4. Don’t get discouraged. In any job, problems will arise. Issues are often unavoidable, but how you deal with them can make or break your job performance. It’s okay to feel like things are going less than perfect, but don’t dwell on the challenges. Instead, stay focused and positive, and try to offer solutions to the problem.

5. Know when it’s time to move on. Your first job may not be your dream job. You may not be making much money, you may have tasks you don’t like. All of that is normal. But, if your job is making you miserable and you face every day with stress and anxiety, it may be time to move on. Whether you’re unhappy in your job, you need more income, or it’s just time for a change, make sure you know how to move on.

Most likely, your first job is not going to be your last job. If an opportunity presents itself, go for it. The only way you can grow in your career is to take those opportunities.

What did you learn from your first job? Do you have any words of wisdom for others starting their first job? Share your thoughts in the comments section below!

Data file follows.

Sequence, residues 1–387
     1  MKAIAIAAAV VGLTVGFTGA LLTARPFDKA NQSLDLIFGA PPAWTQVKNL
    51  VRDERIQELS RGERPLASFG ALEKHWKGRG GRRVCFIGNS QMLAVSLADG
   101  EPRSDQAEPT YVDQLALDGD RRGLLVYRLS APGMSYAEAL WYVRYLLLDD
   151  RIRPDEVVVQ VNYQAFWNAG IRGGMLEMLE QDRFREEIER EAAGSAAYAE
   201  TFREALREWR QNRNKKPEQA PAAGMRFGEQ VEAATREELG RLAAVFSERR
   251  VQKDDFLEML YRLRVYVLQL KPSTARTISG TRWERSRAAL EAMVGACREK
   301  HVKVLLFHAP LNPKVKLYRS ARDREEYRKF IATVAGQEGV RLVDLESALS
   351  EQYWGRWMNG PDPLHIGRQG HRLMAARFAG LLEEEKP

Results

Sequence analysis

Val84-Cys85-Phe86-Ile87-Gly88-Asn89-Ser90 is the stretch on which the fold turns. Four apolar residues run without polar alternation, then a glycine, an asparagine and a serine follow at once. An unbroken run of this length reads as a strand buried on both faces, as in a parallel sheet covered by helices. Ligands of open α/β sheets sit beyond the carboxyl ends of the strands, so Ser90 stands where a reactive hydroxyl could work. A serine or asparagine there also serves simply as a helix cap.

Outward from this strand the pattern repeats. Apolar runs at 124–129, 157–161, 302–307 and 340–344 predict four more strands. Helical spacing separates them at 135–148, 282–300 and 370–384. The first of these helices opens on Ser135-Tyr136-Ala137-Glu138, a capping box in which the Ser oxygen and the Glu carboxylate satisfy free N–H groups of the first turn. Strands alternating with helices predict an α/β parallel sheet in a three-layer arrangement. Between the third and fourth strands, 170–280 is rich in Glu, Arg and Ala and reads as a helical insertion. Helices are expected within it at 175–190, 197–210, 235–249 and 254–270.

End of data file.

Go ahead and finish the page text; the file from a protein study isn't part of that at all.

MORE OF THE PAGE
Movin’ On Up is brought to you by Express Employment Professionals.

Happiness and a Good Job – You Can Have Both

happiness_at_work_webWhat are the keys to happiness in the workplace? While that answer may be different for each person, there are some factors that lead to a more satisfied workplace. According to a Gallup poll, 24% of the global workforce is actively disengaged with their jobs. Additionally, 63% of the worldwide workforce is “checked out, sleepwalking through their day, or putting time but not energy or passion into their work.” This leaves only 13% of people who are happy at work.